Sew a Soft Sculpture Inspired by Nick Cave’s Soundsuits

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Sew a Soft Sculpture Inspired by Nick Cave’s Soundsuits

So, what is a soft sculpture? A soft sculpture is a 3D form that is made from soft materials like cloth, foam, paper, or other flexible materials. Soft sculptures can range from fine art pieces in exhibitions to comforting toys.

Get inspired to design and hand sew your own soft sculpture with this lesson inspired by a series of sculptures called Soundsuits by fabric sculptor, performance artist, educator, and dancer Nick Cave.


About the Artist:

Nick Cave began working with fabric at a young age by manipulating hand-me-down clothing from his older siblings. His work is inspired by an array of things, from the experience of being Black in America, to African art traditions, to haute-couture fashion. Cave has created over 500 Soundsuits since he created his first one in 1992. The Soundsuits serve as a sort of armor that distorts the wearer’s figure and hides their identity.

“The Soundsuits hide gender, race, class and they force you to look at the work without judgment.”

-Nick Cave

By Bowmanga1278 - Own work, CC BY-SA 3.0
Nick Cave (American, 1959–). Soundsuit, 2007, metal, beads, sequins, metal Victorian flowers. Museum Purchase: Founders' Circle Annual Cause. 2009.19.1A-OOOOO. © Nick Cave
Nick Cave (American, 1959–). Soundsuit, 2007, metal, beads, sequins, metal Victorian flowers. Museum Purchase: Founders' Circle Annual Cause. 2009.19.1A-OOOOO. © Nick Cave

SUPPLIES:

• Paper & drawing utensil
• Fabric – Use something from home like an old dress shirt or linens. Choose fabric without much stretch because sewing on stretchy fabric can be challenging. If purchasing fabric, choose something cotton, as cotton is easily drawn and painted on.
• Polyester fiber fill – Alternatives include cotton batting, stuffing from an old pillow, rice.
• Needle & thread
• Straight pins
• Scissors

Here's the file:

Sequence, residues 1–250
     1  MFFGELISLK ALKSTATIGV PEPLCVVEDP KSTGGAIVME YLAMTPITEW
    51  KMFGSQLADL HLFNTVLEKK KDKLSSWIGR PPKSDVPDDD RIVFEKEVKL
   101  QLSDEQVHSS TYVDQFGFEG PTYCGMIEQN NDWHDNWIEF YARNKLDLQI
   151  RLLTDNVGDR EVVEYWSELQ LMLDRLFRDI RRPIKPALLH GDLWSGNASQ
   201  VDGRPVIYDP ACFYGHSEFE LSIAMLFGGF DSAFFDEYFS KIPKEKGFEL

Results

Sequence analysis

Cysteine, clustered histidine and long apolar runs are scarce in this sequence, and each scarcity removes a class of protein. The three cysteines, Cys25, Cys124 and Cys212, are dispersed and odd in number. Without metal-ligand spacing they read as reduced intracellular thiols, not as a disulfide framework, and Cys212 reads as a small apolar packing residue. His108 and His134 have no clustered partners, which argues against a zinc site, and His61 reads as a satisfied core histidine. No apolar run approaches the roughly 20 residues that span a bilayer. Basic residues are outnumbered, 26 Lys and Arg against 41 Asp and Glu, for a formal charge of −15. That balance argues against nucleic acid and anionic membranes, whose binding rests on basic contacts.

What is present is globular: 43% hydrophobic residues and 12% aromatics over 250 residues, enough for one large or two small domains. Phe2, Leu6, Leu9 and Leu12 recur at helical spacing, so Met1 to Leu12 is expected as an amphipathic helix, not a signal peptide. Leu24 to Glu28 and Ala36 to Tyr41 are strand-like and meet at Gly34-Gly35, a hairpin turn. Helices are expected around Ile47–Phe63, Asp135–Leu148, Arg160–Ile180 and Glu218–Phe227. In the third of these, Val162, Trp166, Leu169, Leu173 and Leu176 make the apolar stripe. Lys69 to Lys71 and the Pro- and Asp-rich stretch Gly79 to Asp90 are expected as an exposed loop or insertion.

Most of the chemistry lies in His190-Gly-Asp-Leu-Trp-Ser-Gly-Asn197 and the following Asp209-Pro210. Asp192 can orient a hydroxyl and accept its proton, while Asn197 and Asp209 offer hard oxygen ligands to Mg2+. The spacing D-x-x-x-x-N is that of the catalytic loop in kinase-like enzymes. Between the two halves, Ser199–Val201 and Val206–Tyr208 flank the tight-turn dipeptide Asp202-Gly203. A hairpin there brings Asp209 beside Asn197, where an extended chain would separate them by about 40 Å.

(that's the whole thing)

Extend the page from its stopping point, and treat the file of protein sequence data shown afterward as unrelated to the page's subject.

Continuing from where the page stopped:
• Skewer or chopstick for filling
• Strong glue – Elmer’s Glue-All, Alene’s Tacky Glue, or fabric glue
• Embellishments (See optional supplies)

OPTIONAL SUPPLIES:

• Fabric markers/Sharpies
• Acrylic paints
• Yarn
• Embroidery thread
• Beads & bells
• Sequins & gems
• Pom poms
• Sewing machine


Instructions:

1. Plan your design and pattern.

Sketch out what you want your sculpture to look like, and then draw a pattern for your design. To create a sewing pattern, draw and cut out each piece of your sculpture onto any type of paper or cardboard. Then trace the cut pieces of your pattern onto the fabric to guide you in cutting your fabric. Keep in mind that this is a sculpture not an item of clothing, so you’re pieces of fabric don’t need to be perfectly symmetrical. You can even try to freehand draw the pieces of your pattern onto your fabric.

This simple, 4-piece Soundsuit pattern includes a front side, a matching back side, and two identical legs. Make the leg pieces twice as thick and a few inches longer than desired. Each leg will be folded in half and sewn together to create a cylinder shape when filled. The extra length at the upper end of each leg will be sewn inside of the body.

Tip: Limit the pattern to simple shapes. Details will be lost when pieces are sewn together. Also, make your pattern an inch larger than you want your sculpture because you will lose some of the size.

2. Cut the pieces of your pattern out of your fabric and pin together pieces where you will be sewing.

Mark a line along the edge to help guide where to sew.

3. Use a running stitch to sew together pinned pieces about a ¼ inch away from the edge.

A running stitch is when the needle and thread pass over and under. Keep the stitches tight to strengthen the bond between the two pieces, and carefully remove pins as you go. Leave the bottom edge of the body and the top of each leg open to fill.

4. Turn the stitched pieces inside out to hide the raw edges of the fabric and create a cleaner look.

Skip this step if you prefer to see the edges.

5. Fill the legs with stuffing.

Use a skewer, chopstick, or long handled utensil to help pack filling and reach small areas like the toes. After the legs are filled, halfway fill the body with stuffing, and then position legs inside the body before you finish filling the body. Be sure to leave enough space so that the bottom edge of the body can be stitched closed with the legs inside.

6. Pin the bottom edge closed and using a running stitch to stitch close the body.